Game Buzz: Amerigo

Following Bora Bora, Rialto, and Bruges, here’s the fourth Stefan Feld game of the year:

image by BGG user W Eric Martin
image by BGG user W Eric Martin

Amerigo is, as mentioned, designed by Stefan Feld and being published by Queen Games.  It’s a 2-4 player game that plays in 75 minutes.  It’s themed around the explorer Amerigo Vespucci, and specifically the exploration of trade routes and the building of settlements in South America.  This game is notable because it brings back the cube tower, a component famously used in Wallenstein (also a Queen Games release).  Amerigo successfully met its Kickstarter goal in June, and should be availbale at Spiel 2013 in October.

The game comes with a cube tower that must be assembled before each game; 49 cubes (7 colors); a storage board; 16 island tiles; 8 frames; 37 neutral landscape tiles; 24 progress tokens; 40 commodity tokens; 50 production tokens; 6 pirate markers; 5 treasure chests; 4 time markers; and a planning token.  Additionally, each player gets a player sheet; 16 village tiles; 12 trading posts; 2 ships; 5 discs; and 2 VP tiles (50/100 and 150/200).

At the start of the game, you set up the islands in a 3×3, 3×4, or 4×4 grid depending on the number of players (surrounded by the frames).  A treasure chest goes on each big island (20 or more spaces), and commodity tokens are placed on corresponding spaces of the islands.  Each player gets their components, and keep their 16 village tiles face down.  Five of the pirate markers are randomly placed face down on the pirate spaces of the storage board, one progress token is placed face up on each space of the progress area, and one production token is placed face up on each production space.  Setup ends by dropping all 49 cubes into the cube tower, and placing any that come out onto the matching storage space of the action circuit.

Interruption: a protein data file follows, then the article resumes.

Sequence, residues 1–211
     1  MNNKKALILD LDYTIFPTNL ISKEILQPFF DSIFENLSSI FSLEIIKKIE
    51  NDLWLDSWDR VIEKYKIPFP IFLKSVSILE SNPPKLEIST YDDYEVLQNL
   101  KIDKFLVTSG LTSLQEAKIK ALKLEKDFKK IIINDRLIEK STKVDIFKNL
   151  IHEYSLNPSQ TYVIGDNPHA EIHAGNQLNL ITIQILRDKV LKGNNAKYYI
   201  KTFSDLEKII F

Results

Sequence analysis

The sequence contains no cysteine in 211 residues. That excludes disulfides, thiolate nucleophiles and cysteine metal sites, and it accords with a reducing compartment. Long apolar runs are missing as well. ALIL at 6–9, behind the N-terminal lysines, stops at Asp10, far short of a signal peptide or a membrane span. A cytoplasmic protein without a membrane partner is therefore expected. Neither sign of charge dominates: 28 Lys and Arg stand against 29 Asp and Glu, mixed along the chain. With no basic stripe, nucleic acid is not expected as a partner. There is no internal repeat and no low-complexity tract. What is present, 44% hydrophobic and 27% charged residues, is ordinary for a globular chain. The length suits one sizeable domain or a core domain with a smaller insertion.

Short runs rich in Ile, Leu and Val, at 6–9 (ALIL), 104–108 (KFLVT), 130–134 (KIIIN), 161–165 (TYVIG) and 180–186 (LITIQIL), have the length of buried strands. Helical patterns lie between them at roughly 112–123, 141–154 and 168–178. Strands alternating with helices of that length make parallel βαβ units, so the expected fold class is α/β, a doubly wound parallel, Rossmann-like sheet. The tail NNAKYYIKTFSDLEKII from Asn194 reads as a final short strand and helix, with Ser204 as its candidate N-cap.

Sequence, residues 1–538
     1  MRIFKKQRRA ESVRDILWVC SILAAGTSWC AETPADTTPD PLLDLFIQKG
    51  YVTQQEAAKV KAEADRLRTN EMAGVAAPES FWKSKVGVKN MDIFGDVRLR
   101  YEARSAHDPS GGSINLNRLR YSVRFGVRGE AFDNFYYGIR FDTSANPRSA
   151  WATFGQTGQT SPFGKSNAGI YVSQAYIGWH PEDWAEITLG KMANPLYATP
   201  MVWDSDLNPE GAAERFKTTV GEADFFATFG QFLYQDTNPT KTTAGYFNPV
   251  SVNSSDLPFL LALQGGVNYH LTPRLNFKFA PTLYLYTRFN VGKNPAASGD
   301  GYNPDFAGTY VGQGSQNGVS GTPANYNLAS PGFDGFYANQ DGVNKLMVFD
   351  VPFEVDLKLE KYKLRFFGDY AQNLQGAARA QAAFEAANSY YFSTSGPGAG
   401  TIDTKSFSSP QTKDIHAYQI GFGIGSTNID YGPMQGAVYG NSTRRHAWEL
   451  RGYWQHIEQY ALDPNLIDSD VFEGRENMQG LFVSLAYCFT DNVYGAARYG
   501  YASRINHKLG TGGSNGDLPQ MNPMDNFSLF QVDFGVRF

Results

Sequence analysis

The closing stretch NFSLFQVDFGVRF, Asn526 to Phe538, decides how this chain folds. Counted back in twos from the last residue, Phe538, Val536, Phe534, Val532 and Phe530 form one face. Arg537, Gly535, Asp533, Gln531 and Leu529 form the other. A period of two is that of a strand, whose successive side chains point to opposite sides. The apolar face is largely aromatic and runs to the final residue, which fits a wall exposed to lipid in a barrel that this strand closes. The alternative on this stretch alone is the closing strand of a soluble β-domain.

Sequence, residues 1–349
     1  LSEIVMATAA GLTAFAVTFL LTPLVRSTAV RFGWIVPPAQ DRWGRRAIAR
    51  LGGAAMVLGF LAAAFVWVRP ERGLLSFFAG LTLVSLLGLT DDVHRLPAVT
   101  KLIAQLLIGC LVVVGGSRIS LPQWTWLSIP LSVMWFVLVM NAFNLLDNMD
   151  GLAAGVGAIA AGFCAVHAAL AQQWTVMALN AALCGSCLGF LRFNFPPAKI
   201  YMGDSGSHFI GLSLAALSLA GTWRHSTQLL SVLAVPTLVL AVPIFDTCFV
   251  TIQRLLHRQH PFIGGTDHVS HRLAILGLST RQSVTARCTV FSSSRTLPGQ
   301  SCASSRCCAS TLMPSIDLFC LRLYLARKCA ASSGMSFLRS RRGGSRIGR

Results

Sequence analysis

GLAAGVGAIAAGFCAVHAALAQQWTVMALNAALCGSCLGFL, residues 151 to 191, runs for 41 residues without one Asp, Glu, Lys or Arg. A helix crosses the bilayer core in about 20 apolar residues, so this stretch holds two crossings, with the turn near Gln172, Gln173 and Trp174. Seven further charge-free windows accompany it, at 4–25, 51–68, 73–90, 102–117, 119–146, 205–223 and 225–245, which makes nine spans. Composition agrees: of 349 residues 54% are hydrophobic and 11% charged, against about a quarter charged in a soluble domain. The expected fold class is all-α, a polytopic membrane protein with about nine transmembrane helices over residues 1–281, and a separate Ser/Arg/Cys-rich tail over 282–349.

Amerigo is played over 5 rounds, each with 7 phases.  In each phase, you’ll drop all cubes on the action circuit of one color (beginning with blue and moving around to black-red-brown-green-yellow-white) into the cube tower.  The cubes that come out the bottom are then placed in the action space to indicate what actions can be used during the round.  The largest number of cubes of a single color indicate how many action points can be spent on a single action.  So, if 4 blue, 1 red, 1 black, and 2 green cubes come out, players can spend 4 AP on one of those actions.  The player who is farthest along on the special action track (or on top in case of a tie) performs one action.  The actions:

  • BLUE: Move ships.  The first time you take this action, place two ships on any spaces you choose on the frame.  Each AP allows you to move each of your ships to an orthogonally adjacent water space.  Each water space outside of the frame can only hold one ship.  If your ship lands on an anchor, you can establish a trading post and build on the island (3 points for being the first on an island).
  • BLACK: Load cannons.  Move the cannon scoring disc on your player sheet one space to the right per AP, for a max of 12.